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I disagree with Owen Kurtin's premise, as noted in Lawyer: FCC Dismantling Media Rules. Kurtin, chairman of the Information Technology and Communication Group at legal firm Salans, says the FCC has already taken most of the barriers to cross-ownership of local media, and will most likely remove any remaining barriers. This will lead, he says, to new round of mega-deals and media consolidation.

I disagree for three reasons.

1. This is an old, tired theory. Ever since the onset of deregulation, numerous "experts" have speculated that the giant media groups would have a detrimental impact on rates (from the vantage point of the buyer). Speculation was that rates would rise meteorically, as a direct relationship to the unbridled media conglomerate growth via consolidation. In the Minneapolis/Saint Paul market, the opposite is occurring. As a result of companies overpaying for media properties here and elsewhere, combined with the recession, upper management at these corporations have placed such impossible demands (in the way of extremely high revenue demands) that rates have actually decreased.



2. To try to reach these unrealistic revenue expectations, these radio station groups keep adding inventory. In the Twin Cities, most conglomerate-owned FM radio stations are now running at least 16 60-second commercials per hour - in pods of eight or more in a row. Their sister AM stations are running 20 - or more - every hour! This trend is not going to change. It can't. Many of these stations are behind in their projections. Factor in the time-value of money, the cost of debt, interest, etc., and these station groups may never catch up. After all, unlike the print media, broadcasters face finite limitations. There are, after all, only 60 minutes each hour available to sell.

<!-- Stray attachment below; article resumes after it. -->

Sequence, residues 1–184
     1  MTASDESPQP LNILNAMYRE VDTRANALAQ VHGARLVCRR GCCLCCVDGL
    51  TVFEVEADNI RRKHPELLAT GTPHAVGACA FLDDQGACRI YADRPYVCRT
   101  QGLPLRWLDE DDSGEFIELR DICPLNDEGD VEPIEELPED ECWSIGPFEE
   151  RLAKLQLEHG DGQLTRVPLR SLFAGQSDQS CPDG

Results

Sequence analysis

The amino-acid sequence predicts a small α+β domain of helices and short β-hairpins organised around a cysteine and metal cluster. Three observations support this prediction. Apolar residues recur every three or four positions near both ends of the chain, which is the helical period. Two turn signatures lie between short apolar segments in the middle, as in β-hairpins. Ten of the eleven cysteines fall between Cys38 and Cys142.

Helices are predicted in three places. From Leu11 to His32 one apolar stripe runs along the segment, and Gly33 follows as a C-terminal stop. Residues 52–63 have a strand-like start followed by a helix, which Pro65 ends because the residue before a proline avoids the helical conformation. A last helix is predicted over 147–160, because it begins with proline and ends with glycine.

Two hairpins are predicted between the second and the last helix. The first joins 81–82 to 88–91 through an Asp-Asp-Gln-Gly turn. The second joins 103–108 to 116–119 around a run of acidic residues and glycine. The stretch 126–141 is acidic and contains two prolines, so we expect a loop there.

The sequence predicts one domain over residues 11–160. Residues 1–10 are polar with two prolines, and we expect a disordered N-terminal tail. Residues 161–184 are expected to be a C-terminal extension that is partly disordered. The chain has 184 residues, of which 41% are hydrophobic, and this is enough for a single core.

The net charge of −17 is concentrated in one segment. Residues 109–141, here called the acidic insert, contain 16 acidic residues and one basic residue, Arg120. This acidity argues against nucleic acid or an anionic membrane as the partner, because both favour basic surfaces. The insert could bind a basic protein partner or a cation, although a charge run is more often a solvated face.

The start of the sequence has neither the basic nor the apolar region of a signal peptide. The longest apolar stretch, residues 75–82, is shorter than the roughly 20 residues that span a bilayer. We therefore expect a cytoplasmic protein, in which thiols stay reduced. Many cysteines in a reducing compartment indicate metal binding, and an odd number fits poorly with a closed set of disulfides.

3. Sales managers have been forced to hire and "manage" numerous untrained salespersons, sending them to go out and conquer - armed with nothing more than the weekly "package." Forget building value via a consultancy, relationship or partnering processes, these overworked sales managers have been handed "events" and "non-traditional revenue opportunities" to sell - packaged with radio, in-arena signs, outdoor and whatever other "real estate" is co-owned by the stations. These sellers main prospects are businesses they've targeted by "monitoring" the competition - other radio and TV outlets. Additionally, these companies are not investing in their employees - especially not in the way of training.

The agencies and buying houses are training their buyers and planners. To cut expenses, media companies are slashing commissions, decreasing support staff and dividing up account lists. As professional, senior account managers and high-quality sales managers continue to leave broadcasting, it will not be a fair fight for the remaining "churn and burn" media rep newbies. This can only lead to diminished perceived value on the part of the buyer - hence lower rates for media space and/or time.

As long as the heads of media companies cast aside common sense, disregard the age-old business standards (such as multiples to be paid) and ignore the fact that companies' successes really are because of "the people" Mr. Kurtin should advise media buyers and planners, regarding the issue of "unfair" broadcast time costs, that they can most certainly relax.

Mike Skillrud is Account Manager, AM 1500 KSTP, and President of the Advertising Federation of Minnesota

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